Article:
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Bradley v. Caterpillar Tractor Co.

OPINION FILED AUGUST 31, 1979.

TRACEY BRADLEY, PLAINTIFF-APPELLEE,

v.

CATERPILLAR TRACTOR CO., DEFENDANT-APPELLANT.



APPEAL from the Circuit Court of Madison County; the Hon. HORACE L. CALVO, Judge, presiding.

MR. JUSTICE KUNCE DELIVERED THE OPINION OF THE COURT:

A jury trial of plaintiff-appellee Tracey Bradley's personal injury action in the Circuit Court of Madison County ended in a verdict for defendant-appellant Caterpillar Tractor Company. The trial court granted the plaintiff's motion for a new trial. We then allowed the defendant's petition for leave to appeal pursuant to Supreme Court Rule 306 (Ill. Rev. Stat. 1977, ch. 110A, par. 306). The issue presented is whether the trial court's granting of the motion for a new trial was an abuse of discretion. We find that it was.

The plaintiff's action sounded in strict liability in tort. The gist of the complaint was that the absence of a rollover protective device or protective canopy on a tractor manufactured by Caterpillar rendered the product unreasonably dangerous, and that this design defect was the proximate cause of the plaintiff's injuries. The plaintiff, a heavy equipment operator, was injured on October 26, 1973, while operating the tractor in question, which had been modified for use by welders in pipe-laying operations. The tractor as modified was referred to in the construction industry as a "Tack Cat." As a result of the accident, plaintiff claimed that he had suffered damage to his spinal cord, resulting in a limited use of his legs, a condition referred to as spastic paraplegia.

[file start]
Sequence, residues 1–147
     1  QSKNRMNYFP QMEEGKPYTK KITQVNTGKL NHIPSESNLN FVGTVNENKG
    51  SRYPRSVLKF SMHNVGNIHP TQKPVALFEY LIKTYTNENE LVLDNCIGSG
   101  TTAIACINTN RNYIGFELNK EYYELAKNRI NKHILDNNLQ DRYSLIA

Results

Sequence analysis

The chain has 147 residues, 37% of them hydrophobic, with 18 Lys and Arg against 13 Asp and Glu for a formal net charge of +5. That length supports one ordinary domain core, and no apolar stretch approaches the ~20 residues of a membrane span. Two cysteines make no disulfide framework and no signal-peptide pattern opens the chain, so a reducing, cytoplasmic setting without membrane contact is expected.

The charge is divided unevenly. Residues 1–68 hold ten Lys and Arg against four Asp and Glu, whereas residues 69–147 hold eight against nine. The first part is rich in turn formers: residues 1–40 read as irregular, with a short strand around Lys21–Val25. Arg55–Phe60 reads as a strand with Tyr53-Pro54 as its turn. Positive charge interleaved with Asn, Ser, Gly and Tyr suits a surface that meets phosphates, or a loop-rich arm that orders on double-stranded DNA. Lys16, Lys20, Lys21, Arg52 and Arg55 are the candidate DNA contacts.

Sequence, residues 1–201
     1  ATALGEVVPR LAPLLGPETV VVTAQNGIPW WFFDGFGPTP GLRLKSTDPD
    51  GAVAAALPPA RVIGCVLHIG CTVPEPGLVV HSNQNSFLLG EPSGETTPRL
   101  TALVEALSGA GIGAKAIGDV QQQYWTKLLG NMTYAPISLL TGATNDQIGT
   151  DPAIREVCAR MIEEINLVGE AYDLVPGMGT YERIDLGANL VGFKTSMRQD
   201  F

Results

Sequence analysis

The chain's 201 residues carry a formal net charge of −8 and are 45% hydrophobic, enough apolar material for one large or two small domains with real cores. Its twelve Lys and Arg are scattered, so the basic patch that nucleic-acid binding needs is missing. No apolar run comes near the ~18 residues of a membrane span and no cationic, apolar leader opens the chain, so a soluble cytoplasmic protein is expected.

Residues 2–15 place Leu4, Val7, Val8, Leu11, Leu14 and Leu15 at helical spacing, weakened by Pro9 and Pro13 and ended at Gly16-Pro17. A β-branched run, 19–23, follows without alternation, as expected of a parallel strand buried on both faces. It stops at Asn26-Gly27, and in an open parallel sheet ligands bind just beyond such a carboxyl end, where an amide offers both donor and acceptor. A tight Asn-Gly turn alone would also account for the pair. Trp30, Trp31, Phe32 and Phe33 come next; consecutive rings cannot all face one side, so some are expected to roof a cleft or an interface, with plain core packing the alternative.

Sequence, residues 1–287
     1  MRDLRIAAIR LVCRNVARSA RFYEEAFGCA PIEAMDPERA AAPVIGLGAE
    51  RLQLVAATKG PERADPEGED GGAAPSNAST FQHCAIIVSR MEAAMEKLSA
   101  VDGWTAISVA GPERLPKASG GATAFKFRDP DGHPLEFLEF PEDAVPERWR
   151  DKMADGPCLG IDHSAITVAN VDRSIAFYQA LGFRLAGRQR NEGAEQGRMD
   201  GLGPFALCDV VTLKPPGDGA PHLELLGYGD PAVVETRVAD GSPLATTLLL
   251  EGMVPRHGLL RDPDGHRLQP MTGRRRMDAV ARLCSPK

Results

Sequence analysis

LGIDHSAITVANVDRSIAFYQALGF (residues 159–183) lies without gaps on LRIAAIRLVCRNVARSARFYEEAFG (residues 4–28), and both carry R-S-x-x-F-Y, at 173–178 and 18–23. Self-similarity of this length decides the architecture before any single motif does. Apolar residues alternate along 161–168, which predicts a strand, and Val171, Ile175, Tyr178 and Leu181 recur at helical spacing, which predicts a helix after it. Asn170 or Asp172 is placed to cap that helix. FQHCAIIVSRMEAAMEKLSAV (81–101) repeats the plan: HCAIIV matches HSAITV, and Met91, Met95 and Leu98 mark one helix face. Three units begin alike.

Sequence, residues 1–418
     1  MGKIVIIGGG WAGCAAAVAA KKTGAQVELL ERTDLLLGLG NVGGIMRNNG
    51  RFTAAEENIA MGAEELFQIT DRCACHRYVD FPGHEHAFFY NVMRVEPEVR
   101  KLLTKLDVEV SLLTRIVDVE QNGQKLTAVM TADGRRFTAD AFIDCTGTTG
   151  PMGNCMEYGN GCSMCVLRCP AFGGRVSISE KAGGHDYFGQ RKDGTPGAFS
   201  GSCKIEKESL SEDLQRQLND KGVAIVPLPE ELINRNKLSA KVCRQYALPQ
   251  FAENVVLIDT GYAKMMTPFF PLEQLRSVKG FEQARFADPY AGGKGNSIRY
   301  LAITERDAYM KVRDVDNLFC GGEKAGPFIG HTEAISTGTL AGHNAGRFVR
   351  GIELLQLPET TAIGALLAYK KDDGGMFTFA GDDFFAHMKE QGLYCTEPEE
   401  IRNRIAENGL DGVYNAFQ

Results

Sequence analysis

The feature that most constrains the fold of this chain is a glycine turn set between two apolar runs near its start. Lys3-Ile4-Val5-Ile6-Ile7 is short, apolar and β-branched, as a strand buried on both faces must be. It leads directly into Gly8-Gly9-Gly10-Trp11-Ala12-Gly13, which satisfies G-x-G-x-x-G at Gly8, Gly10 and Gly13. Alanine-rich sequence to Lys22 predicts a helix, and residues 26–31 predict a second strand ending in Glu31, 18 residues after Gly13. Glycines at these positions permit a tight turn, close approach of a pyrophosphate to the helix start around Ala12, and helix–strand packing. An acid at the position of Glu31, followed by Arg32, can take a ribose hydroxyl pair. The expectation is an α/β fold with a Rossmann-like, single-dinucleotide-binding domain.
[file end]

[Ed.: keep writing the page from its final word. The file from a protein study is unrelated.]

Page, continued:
The tractor was manufactured and sold in 1956 for use as a bulldozer in the construction industry. In 1967, it was purchased by Albert Equipment Company and transformed into a Tack Cat: the bulldozer blade, hydraulic lift cylinders, winch attachments, and fenders were removed; new fenders were welded on to serve as a platform to support welding equipment; and compressors were connected to the tractor's drive shaft. The Tack Cat was leased to various companies by Albert for a period of five years, then sold to Green Construction Company, a general contractor involved in pipeline construction. Green further modified the tractor by welding on front and rear vertical steel booms and placing an overhead horizontal member on the front boom. The plaintiff was employed by Green at the time of his injuries.